- Three former Cabinet ministers have been exposed by The Sunday Times and Channel 4 for taking money in exchange for information on Brexit.
- Andrew Lansley, Peter Lilley, and Andrew Mitchell were all filmed agreeing to help the fake company Tianfen with gaining access to information about Britain’s negotiations.
- A total of 20 politicians are currently making money out of Brexit.
LONDON – Three former Cabinet ministers have been secretly filmed and exposed trying to make money from giving out information on Britain’s exit from the European Union.
Andrew Lansley, Peter Lilley, and Andrew Mitchell were caught trying to profit from providing “intelligence” on Brexit negotiations to a Chinese company, according to a joint investigation by The Sunday Times and Channel 4’s Dispatches.
The Sunday Times was tipped off by sources within Whitehall and the Conservative party that Brexit had triggered a “lobbying frenzy,” as businesses are eager to get information about the negotiations. Undercover reporters then invited a number of former ministers to interviews for a job on the advisory board of Tianfen, a fake Chinese company.
Lord Lansley, who served as health secretary under David Cameron, was filmed being offered tens of thousands of pounds. He also said the deal could be kept secret from authorities if he was employed through his wife’s company, Low Europe.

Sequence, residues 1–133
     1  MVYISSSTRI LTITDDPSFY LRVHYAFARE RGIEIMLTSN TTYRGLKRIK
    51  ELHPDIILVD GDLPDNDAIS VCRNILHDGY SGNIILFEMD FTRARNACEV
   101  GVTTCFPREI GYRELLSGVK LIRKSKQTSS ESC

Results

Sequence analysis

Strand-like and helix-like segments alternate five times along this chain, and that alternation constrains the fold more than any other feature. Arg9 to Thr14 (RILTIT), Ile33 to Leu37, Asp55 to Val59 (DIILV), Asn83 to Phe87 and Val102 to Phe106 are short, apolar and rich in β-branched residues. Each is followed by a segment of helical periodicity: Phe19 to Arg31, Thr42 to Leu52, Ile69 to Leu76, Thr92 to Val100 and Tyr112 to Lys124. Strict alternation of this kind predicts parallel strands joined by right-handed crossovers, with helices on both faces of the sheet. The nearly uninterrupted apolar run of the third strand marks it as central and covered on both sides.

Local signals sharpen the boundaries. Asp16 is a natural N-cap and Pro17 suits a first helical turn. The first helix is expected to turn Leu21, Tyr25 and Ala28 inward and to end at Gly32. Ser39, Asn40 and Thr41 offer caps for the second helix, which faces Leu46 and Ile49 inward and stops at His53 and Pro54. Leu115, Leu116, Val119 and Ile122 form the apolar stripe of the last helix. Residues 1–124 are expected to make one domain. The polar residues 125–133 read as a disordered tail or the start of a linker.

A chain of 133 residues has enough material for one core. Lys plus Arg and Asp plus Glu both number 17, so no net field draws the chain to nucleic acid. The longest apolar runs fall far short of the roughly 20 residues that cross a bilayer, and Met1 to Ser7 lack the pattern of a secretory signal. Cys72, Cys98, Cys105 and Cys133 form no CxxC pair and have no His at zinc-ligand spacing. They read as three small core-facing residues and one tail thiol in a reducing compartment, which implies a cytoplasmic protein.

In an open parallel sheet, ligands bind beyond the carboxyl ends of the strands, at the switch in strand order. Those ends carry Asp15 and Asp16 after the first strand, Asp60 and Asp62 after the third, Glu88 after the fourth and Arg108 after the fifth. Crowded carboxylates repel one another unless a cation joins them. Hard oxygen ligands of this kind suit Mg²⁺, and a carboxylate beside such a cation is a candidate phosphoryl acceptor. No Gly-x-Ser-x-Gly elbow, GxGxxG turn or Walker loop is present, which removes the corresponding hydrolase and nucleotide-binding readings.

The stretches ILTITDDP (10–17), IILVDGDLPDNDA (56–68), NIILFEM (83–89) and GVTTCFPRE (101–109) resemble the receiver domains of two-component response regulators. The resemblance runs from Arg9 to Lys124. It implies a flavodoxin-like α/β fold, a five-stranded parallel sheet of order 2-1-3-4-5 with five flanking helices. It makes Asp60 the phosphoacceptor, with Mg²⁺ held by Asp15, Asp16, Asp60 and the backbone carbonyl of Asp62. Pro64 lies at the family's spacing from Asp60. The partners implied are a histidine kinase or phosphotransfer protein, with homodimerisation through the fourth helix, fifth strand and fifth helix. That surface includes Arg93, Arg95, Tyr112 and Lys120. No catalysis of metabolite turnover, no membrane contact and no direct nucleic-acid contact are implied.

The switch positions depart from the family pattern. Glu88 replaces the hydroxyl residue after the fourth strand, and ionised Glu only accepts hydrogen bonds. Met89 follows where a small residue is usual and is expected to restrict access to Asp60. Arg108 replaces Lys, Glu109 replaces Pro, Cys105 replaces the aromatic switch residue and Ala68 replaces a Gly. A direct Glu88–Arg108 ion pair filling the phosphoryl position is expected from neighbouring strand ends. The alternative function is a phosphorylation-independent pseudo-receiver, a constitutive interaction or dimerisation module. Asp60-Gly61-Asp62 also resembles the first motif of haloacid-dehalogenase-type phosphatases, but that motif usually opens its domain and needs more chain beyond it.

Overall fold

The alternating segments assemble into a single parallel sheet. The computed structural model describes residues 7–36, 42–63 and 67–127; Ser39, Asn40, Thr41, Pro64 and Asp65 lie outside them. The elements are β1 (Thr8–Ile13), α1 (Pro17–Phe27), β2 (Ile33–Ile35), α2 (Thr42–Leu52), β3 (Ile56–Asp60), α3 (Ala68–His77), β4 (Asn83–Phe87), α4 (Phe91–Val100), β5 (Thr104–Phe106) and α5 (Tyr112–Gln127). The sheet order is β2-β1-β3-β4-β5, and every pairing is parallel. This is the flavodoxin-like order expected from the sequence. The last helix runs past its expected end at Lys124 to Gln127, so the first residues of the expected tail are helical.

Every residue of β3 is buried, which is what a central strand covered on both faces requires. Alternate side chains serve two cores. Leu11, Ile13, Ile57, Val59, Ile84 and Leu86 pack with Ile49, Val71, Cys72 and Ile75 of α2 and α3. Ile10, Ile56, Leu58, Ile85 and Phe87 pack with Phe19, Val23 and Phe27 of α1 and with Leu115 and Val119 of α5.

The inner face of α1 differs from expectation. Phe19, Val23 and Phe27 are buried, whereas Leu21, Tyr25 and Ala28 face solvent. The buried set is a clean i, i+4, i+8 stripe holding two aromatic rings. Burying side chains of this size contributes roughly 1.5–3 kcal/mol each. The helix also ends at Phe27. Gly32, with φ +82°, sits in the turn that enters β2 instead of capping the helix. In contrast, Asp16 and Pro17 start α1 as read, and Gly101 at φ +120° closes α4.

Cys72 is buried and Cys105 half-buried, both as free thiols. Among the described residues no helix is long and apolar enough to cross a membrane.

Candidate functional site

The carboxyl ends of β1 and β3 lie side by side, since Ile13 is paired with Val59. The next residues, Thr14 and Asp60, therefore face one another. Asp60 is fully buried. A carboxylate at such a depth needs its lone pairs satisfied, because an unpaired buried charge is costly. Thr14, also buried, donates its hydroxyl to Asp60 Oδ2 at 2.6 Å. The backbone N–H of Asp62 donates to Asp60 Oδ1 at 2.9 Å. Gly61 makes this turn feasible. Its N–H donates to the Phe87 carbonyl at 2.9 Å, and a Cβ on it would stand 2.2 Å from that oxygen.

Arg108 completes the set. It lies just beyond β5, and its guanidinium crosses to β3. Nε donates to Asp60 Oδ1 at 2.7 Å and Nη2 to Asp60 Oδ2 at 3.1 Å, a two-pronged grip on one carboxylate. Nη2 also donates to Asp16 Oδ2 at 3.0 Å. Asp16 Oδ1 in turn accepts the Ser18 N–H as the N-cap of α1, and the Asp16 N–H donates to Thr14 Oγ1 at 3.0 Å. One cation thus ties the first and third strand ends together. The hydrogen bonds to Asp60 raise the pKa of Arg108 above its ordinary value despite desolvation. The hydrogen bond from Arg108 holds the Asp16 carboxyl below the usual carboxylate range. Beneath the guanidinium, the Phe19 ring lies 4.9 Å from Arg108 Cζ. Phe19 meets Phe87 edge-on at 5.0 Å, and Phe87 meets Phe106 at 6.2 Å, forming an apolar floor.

Peter Lilley, who was the Tory party’s deputy leader between 1998 and 1999, also expressed interest in approaching key ministers for Tianfen.
The MP Andrew Mitchell was willing to give paid advice to the company for £6,000 a day and said he would work up to 10 weeks a year. The Times reported he already gets paid nearly £75,000 for his job as an MP. “My constituents don’t mind what I’m paid,” he said while being filmed.
Lansley said he was already making €5,000 a day (around £4384) by giving Brexit advice to his pharmaceutical clients. He spoke about his connections at the top of government, such as Prime Minister Theresa May and Liam Fox, Secretary of State for International Trade.
However, he appeared to draw the line at lobbying government directly, saying conversations had to follow the rules. But he did offer introductions to senior Brexit figures.
Lansley said in a statement that he always kept his outside interests separate to his Lord’s duties.
Lilley revealed his “good relationships” with Fox and David Davis, and said he was happy to have chats with them on behalf of Tianfen. Last week, he denied being asked or agreeing to have private conversations with any ministers on behalf of Tianfen, and any suggestion the company would get insider information was “wholly misplaced.”
Mitchell said he could advise the owner of the company on Brexit, by drawing on his business experience and inner knowledge of government. He said last week that all his outside interests were fully declared on the Commons register.
In total, the Times has discovered that more than 20 politicians are making money out of Brexit.
“To take advantage of this difficult time and confusion to make extra money doesn’t demonstrate a great deal of concern for the public interest,” said Sir Alistair Graham, former chairman of the committee on standards in public life, after seeing the footage.
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